Bogle Investment Management Small Cap Growth Fund (BOGLX/BOGIX) has closed its Investment class and converted the existing shareholders to the lower-cost institutional class.

Convergence Core Plus Fund (MARVX) is doing likewise.

Meritage Value Equity Fund (MPVEX) has discontinued the sale of its Investor Shares and it appears they’ll liquidate the Investor share class. They will continue to offer Institutional Shares. It’s not clear that the current Investors get to stay on-board.

Al Frank Dividend Value Fund (VALDX) is going to be merged into Al Frank Fund (VALUX). Nominally the shareholders vote on the move on April 20; given that the proposed liquidation would occur by the next day, I’m thinking this one is already in the books.

Breithorn Long/Short Fund (BRHAX) shorted out February 28, 2017.

Eaton Vance Hexavest Emerging Markets Equity Fund (EHEAX) will liquidate on March 31, 2017. If you’d invested on the fund’s opening day five years ago, you’d still be underwater today.

Gratry International Growth Fund (GGIGX) will be liquidated on or about March 30, 2017 

Newfound Total Return Fund (NFBAX) heads to the lost-and-found on March 7, 2017.

Nuveen Gresham Long/Short Commodity Strategy Fund (NGSAX) will be liquidated after the close of business on April 24, 2017.

PIMCO RAE Worldwide Fundamental Advantage PLUS Fund (PWWAX) will liquidate on April 28, 2017. Morningstar categorizes it as a market-neutral fund, though it’s not quite that. Regardless, this chart of its performance against its market-neutral peers may explain its current fate.

PWWAX chart

It will be preceded in death by two actively-managed ETFs, PIMCO Diversified Income Active ETF (DI) and PIMCO Global Advantage Inflation-Linked Bond Active ETF (ILB), both of which disappear on April 7, 2017.

Princeton Futures Strategy Fund (PFFAX) becomes the Princeton Past Strategy Fund on March 27, 2017.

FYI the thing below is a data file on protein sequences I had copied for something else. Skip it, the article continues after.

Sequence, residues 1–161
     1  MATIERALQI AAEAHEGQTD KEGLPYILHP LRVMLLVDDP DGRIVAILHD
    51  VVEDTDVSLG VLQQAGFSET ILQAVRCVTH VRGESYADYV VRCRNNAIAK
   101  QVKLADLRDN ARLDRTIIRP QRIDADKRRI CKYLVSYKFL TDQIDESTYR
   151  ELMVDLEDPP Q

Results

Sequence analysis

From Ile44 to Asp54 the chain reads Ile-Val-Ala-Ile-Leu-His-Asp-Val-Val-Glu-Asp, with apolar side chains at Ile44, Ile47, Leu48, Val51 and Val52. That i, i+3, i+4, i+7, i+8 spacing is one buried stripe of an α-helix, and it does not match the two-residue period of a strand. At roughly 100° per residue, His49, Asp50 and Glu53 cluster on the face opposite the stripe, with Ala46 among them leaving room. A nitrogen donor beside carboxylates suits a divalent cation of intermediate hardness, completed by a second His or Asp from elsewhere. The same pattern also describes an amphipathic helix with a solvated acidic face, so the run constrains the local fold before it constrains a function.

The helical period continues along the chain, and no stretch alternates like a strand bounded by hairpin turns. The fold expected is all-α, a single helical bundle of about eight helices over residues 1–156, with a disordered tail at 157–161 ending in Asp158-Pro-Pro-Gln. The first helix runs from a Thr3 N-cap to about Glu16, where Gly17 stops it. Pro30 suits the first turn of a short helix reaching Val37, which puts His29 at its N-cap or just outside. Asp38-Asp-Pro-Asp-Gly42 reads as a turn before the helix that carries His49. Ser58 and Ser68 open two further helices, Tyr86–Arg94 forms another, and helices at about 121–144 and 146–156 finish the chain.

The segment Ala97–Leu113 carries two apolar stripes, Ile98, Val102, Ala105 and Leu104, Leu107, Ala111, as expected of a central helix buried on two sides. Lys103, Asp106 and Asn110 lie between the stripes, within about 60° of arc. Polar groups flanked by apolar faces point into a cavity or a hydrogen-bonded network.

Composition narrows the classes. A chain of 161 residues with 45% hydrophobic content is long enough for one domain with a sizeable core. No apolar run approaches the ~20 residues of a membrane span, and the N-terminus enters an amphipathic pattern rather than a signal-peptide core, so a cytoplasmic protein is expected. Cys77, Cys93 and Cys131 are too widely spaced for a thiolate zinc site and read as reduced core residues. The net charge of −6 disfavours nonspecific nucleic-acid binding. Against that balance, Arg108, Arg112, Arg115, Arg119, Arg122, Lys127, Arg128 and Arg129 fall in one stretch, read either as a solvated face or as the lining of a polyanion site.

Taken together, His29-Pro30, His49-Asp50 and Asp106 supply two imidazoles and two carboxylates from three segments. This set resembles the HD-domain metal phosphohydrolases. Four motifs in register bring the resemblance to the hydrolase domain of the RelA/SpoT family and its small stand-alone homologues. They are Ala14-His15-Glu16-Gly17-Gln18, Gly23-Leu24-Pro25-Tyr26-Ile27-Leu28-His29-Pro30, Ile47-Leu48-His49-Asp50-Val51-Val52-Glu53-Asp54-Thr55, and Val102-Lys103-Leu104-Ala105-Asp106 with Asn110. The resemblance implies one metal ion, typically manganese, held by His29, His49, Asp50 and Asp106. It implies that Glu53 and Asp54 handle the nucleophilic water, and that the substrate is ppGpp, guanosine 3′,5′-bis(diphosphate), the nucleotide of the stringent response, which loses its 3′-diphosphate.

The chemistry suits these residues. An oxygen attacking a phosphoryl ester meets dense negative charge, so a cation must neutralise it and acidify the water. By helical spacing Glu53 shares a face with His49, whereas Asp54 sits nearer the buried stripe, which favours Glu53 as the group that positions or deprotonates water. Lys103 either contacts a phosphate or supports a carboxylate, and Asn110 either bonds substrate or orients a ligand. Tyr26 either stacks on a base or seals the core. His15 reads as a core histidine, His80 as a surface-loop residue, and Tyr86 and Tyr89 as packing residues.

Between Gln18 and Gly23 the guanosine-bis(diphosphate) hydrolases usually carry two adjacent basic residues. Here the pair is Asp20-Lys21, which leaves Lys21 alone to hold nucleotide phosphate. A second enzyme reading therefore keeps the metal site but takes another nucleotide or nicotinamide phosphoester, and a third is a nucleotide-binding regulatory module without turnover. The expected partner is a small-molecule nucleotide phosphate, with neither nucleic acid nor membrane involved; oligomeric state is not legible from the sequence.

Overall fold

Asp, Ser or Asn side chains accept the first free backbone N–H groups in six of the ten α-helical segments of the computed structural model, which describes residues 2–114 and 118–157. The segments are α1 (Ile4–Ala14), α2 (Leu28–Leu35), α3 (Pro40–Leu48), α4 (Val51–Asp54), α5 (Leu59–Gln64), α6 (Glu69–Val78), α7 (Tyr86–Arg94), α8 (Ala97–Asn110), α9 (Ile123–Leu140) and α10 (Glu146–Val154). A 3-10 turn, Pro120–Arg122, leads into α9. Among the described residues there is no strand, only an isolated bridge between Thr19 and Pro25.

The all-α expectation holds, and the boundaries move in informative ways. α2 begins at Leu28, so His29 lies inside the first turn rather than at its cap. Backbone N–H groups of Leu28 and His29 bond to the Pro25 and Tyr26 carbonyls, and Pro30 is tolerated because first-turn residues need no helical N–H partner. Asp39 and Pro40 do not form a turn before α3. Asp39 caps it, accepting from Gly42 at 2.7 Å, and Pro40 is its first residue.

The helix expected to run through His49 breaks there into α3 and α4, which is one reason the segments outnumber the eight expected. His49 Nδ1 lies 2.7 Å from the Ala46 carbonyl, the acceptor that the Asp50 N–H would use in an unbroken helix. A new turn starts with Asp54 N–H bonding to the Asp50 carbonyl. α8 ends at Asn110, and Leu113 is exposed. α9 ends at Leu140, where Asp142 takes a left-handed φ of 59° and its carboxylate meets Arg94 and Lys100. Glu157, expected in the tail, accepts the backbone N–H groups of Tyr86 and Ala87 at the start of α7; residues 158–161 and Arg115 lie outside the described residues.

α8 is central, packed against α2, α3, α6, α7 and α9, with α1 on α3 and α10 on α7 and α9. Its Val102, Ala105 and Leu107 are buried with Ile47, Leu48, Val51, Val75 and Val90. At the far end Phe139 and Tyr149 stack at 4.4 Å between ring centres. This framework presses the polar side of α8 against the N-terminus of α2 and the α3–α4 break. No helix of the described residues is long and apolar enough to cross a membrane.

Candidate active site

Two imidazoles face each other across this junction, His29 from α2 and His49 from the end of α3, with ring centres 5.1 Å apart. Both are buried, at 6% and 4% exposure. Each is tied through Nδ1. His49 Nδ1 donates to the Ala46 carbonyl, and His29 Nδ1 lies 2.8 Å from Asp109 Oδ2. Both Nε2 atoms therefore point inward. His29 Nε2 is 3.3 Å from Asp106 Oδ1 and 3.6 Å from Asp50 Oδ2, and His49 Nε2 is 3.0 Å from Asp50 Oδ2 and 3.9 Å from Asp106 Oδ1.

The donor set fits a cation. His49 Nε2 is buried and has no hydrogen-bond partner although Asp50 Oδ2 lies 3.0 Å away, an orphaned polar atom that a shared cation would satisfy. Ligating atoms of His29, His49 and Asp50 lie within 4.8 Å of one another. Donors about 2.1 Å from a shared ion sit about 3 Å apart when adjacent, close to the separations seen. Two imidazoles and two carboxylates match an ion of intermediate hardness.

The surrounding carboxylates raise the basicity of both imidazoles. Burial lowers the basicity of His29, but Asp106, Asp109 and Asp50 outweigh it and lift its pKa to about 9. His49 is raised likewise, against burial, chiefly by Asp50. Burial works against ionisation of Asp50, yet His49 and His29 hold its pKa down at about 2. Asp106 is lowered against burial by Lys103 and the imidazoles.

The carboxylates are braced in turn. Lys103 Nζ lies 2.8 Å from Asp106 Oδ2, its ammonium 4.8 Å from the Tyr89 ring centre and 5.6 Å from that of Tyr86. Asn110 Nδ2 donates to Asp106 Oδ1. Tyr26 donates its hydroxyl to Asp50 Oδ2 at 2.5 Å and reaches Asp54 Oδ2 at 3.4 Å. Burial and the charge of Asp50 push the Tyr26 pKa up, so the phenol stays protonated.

Putnam is merging away a bunch of funds. The $5 billion Putnam Fund for Growth and Income (PGRWX), rated Bronze by Morningstar, will merge into the $6 billion Equity Income Fund (PEYAX) on or about May 15, 2017. The $1.2 billion Putnam High Yield Trust (PHIGX) will be absorbed by the $600 million High Yield Advantage (PHYIX) on May 8, 2017. The 3- and 5-year correlations between the funds’ performance is a perfect 1.0. The $22 million Putnam Global Dividend (PGDEX) will merge into the $8 million Global Sector (PPGAX) while Putnam Global Energy (PGEAX) will merge into Global Natural Resources (EBERX), but those mergers will be no earlier than mid-May and might well be later.

SCS Tactical Allocation Fund (SCSGX), which has lost a daunting 10% annually over the past three years while its peers have been climbing, will disappear on March 31, 2017.

TCW Small Cap Growth Fund (TGSNX) and the TCW Growth Equities Fund (TGDNX) will be liquidated on or about March 15, 2017.

Toews Hedged Core Frontier Fund (THEMX) has closed and will face The Final Frontier on March 15, 2017.

The closed-end Virtus Total Return Fund (DCA) will, pending shareholder approval, merge into The Zweig Fund (ZF) sometime toward the end of March, 2017.

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About David Snowball

David Snowball, PhD (Massachusetts). Cofounder, lead writer. David is a Professor of Communication Studies at Augustana College, Rock Island, Illinois, a nationally-recognized college of the liberal arts and sciences, founded in 1860. For a quarter century, David competed in academic debate and coached college debate teams to over 1500 individual victories and 50 tournament championships. When he retired from that research-intensive endeavor, his interest turned to researching fund investing and fund communication strategies. He served as the closing moderator of Brill’s Mutual Funds Interactive (a Forbes “Best of the Web” site), was the Senior Fund Analyst at FundAlarm and author of over 120 fund profiles. David lives in Davenport, Iowa, and spends an amazing amount of time ferrying his son, Will, to baseball tryouts, baseball lessons, baseball practices, baseball games … and social gatherings with young ladies who seem unnervingly interested in him.